The National Education Association thinks Colin Kaepernick is an ideal role model. Many members, however, may take their loyalty elsewhere. And frankly, they should.
On July 1, the NEA honored Kaepernick, along with several other persons and organizations, with a “Human and Civil Rights” award in recognition of the former pro-football star’s campaign “to fight racial oppression through education and social justice activism.” The born-again political revolutionary, who these last couple years has been peddling the idea that police are conducting a nationwide pogrom against innocent blacks, accepted the honor with predictable melodrama. “To me, this is bigger than football and it would be selfish on my part to look the other way,” he said. “There are bodies in the streets.”
If not necessarily as a pro-football player, then as an activist, Colin Kaepernick has come of age. By initiating the now-common pregame kneel-down, fist-in-the-air ritual during the playing of the national anthem during the 2016 NFL season, the ex-San Francisco 49ers quarterback has retooled himself as a national conscience of sorts, reaping wholly undeserved public support.
His allegations of systematic police brutality against blacks is a mélange of distortions. The denunciations of “police killings” about which he and fellow zealots doth protest represent a triumph of rhetoric over reality. Fatal incidents in Baltimore, Chicago, Minneapolis, New York City, Tulsa and other cities routinely cited by such activists, when scrutinized, have involved a suspect behaving erratically and even violently. Cops’ lives were in real jeopardy. Indeed, if the term “police killings” means anything, it refers to ambush-style multiple murders of police in Baton Rouge, Dallas, New York City and elsewhere.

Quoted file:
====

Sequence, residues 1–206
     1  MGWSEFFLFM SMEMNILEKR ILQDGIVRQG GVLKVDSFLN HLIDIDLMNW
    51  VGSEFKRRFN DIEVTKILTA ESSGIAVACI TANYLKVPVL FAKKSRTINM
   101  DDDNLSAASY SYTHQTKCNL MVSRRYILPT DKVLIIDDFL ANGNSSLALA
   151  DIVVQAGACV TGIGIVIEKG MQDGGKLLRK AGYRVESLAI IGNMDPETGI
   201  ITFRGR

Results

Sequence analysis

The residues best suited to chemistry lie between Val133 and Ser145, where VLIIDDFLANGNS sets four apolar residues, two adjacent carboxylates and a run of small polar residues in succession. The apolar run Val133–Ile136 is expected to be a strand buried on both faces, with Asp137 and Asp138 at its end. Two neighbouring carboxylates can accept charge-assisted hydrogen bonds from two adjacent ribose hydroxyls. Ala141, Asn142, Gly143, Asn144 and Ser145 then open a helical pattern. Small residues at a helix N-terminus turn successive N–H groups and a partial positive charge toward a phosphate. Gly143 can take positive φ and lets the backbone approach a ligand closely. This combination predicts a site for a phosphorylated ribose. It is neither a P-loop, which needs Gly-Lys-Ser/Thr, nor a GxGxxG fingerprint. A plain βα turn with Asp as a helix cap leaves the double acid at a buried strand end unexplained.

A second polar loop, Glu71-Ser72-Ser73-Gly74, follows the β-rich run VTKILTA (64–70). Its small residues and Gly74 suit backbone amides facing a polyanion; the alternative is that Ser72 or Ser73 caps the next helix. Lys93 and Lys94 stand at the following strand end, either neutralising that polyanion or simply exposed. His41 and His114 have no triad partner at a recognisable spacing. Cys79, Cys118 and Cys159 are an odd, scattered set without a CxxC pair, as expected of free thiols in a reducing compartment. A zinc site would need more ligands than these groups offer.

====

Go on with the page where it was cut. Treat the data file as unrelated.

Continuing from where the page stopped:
NFL officials from Commissioner Roger Goodell on down, fearful of bad publicity and possibly a strike, have preferred to accede to player-activists. Last November, the commissioner’s office and the team owners reached a settlement with protesting players in which the NFL would donate $89 million over seven years to various radical organizations. By any measure, this was a shakedown. The fact that it is not the job of the NFL or any other sports organization to bankroll political campaigns was irrelevant to the shakedown artists.
Meanwhile, Colin Kaepernick’s star rose. In 2016, Kaepernick rationalized his refusal to stand at attention during the national anthem, “I am not going to stand up to show pride in a flag for a country that oppresses black people and people of color.” For such declarations of ostensible bravery, Sports Illustrated last fall presented him with its Muhammad Ali Legacy Award. Time magazine named him fifth runner-up for its 2017 “Person of the Year.” And this April, Amnesty International gave him its Ambassador of Conscience Award for his social activism and “refusal to ignore of accept racial discrimination.” For a while, Kaepernick’s 49ers “7” was the most popular NFL jersey, outselling even Tom Brady’s Patriots “12.” Though now an unemployable free agent, the radioactive quarterback is on top of his game – even if the game is no longer football.